Wednesday, April 05, 2017

An Elvis Movie You Can Skip

There was a certain sameness to Elvis Presley's movies. A prime example is "Double Trouble," which premiered on this day in 1967.

Now, you know when you watch an Elvis movie that you aren't going to be watching something that was nominated for an Oscar for anything — even the music, which was the reason for it all.

But the movies and the music didn't always fall as short of the mark as they did with "Double Trouble."

There was a symbiotic relationship between Elvis' records and movies. Elvis movies existed primarily to promote Elvis' latest records — and, since just about anything with Elvis' name on it was guaranteed to make money, there doesn't seem to have been much thought given to many of the albums he made or the films that were made to promote them.

One could say many things about Elvis Presley, but one thing you could say about him that would encounter virtually no dissent would be the assertion that Elvis did not record concept or theme albums.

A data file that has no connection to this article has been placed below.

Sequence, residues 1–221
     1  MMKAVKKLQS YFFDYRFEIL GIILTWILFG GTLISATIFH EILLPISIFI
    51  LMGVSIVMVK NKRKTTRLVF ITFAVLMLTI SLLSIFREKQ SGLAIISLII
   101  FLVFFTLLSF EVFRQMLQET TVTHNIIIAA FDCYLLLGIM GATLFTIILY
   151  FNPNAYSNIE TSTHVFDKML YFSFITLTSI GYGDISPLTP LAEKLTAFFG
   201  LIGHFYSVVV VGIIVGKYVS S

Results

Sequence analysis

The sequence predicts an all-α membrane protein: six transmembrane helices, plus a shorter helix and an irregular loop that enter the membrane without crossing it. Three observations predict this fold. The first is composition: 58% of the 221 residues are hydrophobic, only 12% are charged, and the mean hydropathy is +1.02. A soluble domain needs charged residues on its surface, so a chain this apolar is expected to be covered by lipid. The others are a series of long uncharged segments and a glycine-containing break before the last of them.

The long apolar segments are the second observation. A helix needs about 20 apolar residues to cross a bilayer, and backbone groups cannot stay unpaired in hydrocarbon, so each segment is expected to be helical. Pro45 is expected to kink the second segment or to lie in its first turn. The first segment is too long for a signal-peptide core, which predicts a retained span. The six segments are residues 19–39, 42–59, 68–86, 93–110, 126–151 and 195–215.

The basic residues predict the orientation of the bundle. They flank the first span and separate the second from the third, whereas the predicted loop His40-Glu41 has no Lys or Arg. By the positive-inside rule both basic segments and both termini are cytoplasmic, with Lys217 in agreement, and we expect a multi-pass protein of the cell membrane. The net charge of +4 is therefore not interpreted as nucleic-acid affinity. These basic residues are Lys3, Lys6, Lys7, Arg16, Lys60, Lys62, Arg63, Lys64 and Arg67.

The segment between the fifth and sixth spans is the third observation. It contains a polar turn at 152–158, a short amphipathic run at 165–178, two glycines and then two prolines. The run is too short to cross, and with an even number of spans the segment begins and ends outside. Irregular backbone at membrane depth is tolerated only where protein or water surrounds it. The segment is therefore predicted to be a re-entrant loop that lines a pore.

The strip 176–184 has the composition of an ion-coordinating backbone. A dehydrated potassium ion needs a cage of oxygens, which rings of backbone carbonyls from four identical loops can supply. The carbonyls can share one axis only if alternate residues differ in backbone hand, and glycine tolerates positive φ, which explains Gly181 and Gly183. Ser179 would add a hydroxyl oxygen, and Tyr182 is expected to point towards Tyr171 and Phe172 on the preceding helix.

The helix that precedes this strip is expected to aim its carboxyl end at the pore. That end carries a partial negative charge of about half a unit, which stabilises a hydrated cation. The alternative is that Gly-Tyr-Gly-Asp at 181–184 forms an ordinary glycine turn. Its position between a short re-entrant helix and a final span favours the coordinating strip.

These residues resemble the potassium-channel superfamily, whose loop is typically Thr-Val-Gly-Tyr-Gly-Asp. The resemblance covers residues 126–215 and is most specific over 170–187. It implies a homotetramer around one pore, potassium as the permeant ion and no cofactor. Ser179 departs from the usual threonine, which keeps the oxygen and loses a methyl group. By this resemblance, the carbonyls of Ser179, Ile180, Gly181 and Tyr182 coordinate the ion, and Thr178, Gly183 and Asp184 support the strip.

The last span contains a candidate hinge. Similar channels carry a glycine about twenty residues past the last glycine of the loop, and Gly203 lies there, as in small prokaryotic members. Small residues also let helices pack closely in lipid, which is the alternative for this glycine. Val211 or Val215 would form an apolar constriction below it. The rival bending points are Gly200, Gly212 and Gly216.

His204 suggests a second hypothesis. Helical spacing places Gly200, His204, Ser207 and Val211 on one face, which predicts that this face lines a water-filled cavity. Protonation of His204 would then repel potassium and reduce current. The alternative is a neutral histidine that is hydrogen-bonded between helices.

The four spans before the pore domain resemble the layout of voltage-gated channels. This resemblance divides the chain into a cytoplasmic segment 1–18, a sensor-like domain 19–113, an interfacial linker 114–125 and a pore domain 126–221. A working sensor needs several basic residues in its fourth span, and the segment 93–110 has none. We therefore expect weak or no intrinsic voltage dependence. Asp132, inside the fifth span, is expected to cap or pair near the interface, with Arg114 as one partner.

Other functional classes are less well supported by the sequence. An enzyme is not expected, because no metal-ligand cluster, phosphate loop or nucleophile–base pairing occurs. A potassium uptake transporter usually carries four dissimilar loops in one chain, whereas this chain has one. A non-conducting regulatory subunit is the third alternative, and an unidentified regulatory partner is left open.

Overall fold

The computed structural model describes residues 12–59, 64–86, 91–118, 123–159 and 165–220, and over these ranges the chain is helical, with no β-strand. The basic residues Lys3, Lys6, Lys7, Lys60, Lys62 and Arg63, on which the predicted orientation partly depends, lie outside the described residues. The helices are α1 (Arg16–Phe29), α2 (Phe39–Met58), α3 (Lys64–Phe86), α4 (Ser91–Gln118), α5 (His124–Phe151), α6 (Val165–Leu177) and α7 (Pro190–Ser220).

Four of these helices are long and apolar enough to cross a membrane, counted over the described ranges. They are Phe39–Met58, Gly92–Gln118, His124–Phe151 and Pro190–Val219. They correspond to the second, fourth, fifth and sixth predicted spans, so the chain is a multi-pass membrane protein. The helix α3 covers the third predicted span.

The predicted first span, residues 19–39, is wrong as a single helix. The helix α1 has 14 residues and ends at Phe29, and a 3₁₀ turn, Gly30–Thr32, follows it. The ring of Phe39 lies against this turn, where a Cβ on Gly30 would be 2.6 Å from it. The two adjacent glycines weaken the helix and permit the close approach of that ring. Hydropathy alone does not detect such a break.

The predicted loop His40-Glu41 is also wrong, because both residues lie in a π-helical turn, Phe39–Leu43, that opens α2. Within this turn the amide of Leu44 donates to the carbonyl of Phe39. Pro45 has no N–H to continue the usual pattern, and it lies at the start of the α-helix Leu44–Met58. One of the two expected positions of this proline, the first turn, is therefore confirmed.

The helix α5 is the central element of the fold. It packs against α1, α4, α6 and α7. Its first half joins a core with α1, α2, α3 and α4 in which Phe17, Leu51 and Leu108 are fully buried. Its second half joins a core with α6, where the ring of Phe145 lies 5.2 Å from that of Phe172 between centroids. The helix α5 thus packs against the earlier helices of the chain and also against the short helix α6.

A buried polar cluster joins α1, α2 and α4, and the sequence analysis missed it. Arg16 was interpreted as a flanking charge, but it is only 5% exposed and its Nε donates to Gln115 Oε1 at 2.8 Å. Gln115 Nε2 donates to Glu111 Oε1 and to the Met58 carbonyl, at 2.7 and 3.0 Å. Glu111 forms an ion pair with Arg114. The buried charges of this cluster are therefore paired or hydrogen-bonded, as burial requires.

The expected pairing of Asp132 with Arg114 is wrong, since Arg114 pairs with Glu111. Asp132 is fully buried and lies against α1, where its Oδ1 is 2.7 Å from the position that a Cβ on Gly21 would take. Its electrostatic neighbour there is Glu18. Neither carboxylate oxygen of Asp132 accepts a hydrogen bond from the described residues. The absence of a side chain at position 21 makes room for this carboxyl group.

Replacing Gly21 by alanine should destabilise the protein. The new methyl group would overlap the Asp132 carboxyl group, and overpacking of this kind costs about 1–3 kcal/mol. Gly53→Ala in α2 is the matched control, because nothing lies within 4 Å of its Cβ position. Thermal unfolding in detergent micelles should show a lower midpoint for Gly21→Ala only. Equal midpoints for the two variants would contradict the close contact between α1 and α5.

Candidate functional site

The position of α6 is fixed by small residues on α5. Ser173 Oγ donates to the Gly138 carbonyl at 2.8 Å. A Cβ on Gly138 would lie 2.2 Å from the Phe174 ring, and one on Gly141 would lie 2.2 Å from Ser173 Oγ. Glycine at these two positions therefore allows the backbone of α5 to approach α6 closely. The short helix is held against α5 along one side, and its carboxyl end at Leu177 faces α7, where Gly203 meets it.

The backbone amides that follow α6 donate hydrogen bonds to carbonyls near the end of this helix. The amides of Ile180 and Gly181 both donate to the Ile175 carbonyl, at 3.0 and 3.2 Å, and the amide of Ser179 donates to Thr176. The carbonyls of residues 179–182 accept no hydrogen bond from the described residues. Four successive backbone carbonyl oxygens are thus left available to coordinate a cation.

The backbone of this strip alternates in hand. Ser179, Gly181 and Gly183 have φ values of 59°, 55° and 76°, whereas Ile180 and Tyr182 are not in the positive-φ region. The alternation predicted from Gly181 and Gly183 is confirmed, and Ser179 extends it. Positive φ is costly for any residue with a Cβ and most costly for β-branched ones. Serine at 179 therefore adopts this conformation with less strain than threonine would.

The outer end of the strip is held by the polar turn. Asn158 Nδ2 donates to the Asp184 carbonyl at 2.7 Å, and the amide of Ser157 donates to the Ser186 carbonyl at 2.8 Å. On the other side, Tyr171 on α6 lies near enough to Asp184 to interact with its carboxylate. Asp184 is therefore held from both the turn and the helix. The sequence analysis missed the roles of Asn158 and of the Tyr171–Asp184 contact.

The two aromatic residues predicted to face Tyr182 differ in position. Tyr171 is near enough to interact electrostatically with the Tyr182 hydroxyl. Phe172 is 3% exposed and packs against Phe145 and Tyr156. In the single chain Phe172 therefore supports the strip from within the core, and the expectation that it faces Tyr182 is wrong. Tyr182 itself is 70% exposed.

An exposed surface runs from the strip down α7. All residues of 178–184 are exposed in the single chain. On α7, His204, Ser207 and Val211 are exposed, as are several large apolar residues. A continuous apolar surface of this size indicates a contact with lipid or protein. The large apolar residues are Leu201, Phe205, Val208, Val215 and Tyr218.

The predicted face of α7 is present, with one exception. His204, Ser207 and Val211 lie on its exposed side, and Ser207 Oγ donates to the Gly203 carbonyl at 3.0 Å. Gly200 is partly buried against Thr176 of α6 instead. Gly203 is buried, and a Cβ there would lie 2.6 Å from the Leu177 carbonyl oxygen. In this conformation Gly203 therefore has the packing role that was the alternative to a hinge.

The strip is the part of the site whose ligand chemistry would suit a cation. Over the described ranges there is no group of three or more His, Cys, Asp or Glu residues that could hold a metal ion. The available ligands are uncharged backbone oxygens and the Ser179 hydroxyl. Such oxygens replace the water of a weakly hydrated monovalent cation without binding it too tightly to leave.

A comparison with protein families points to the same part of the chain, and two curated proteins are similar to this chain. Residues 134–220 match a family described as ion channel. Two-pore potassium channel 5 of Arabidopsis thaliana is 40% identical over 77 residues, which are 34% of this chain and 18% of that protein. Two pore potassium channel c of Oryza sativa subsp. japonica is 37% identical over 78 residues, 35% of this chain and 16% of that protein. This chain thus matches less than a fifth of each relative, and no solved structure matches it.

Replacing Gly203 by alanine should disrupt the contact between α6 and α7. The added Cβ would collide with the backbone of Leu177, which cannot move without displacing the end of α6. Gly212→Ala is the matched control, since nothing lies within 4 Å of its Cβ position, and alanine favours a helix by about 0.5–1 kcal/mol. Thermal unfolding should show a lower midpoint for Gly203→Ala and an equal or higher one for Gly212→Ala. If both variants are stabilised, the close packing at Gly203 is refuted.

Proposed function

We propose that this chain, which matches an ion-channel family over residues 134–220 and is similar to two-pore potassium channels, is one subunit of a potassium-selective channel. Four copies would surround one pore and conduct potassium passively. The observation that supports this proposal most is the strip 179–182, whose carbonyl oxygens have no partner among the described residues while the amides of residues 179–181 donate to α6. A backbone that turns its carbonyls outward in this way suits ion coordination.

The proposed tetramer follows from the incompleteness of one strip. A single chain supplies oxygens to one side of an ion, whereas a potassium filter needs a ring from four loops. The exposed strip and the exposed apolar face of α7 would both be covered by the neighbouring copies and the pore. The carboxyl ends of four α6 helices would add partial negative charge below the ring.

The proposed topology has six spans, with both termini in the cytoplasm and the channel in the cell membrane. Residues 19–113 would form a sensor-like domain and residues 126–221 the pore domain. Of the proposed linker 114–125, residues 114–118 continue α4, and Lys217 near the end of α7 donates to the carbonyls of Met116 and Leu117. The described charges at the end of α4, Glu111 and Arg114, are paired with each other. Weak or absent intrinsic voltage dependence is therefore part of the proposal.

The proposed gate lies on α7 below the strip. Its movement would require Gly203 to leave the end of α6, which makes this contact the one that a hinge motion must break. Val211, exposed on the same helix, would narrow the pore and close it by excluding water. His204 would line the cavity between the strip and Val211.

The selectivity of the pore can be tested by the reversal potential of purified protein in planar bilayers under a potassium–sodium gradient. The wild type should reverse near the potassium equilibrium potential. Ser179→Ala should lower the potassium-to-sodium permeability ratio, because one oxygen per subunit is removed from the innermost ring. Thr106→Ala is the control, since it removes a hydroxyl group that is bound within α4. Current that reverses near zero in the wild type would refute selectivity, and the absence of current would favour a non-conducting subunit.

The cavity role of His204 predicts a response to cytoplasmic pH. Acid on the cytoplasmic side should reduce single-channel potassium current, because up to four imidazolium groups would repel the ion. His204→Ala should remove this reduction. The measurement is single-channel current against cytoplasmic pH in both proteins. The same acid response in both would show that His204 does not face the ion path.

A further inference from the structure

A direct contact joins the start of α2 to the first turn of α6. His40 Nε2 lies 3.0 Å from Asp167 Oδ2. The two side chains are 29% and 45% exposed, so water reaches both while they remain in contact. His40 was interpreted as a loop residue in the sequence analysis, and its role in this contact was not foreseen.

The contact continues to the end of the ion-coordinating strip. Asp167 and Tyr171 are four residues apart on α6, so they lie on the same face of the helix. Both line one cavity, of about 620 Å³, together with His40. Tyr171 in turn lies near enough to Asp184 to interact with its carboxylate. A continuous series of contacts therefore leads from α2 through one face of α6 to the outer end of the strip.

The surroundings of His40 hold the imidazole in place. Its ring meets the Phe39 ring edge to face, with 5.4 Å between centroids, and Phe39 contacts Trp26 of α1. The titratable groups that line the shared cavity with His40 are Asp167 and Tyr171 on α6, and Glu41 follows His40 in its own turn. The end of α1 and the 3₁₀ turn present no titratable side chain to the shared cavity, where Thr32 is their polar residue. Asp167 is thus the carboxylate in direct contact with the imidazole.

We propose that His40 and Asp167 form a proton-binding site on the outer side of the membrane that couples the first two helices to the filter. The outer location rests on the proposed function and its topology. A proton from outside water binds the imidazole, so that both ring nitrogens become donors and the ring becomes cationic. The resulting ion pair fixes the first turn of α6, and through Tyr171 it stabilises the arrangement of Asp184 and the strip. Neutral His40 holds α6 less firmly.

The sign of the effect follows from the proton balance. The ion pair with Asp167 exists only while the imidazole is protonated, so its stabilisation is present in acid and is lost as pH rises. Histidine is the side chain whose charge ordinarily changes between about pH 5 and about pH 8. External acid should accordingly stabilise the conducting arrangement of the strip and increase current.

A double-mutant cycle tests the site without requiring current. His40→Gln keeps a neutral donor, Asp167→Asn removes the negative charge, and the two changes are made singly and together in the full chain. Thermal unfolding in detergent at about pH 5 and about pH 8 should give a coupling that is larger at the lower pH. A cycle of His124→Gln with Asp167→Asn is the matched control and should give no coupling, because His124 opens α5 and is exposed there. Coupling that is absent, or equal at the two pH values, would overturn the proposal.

The main concern seems to have been to grind it out as quickly as possible and move on to the next one. In many years, Elvis made two, three, even four movies.

Plot? What plot? Plots were flimsy at best. Sometimes they were (ostensibly) dramatic stories, and sometimes they were (again, ostensibly) comedies. "Double Trouble" was a comedy. Ostensibly.

He had an attractive co–star (Annette Day). His co–stars were always attractive, though. The story was set in Europe, but Elvis' movies were set all over the world. They say it's good to be King.

There were better Elvis movies. Most of them, in fact.

Elvis made more than 30 movies, three of them in 1967, which was probably his weakest year on the big screen.

"Double Trouble" was arguably the weakest of the three. The soundtrack album the movie spawned was clearly the weakest of the three that hit music stores that year.

Nevertheless, the movie was the No. 58 moneymaker at the box office, and Presley's album reached No. 47 on the Billboard charts despite the absence of any true hits.

As I say, anything with Elvis' name on it made money.

But ...

If you see "Double Trouble" listed in your TV listings, do yourself a favor.

Don't watch it.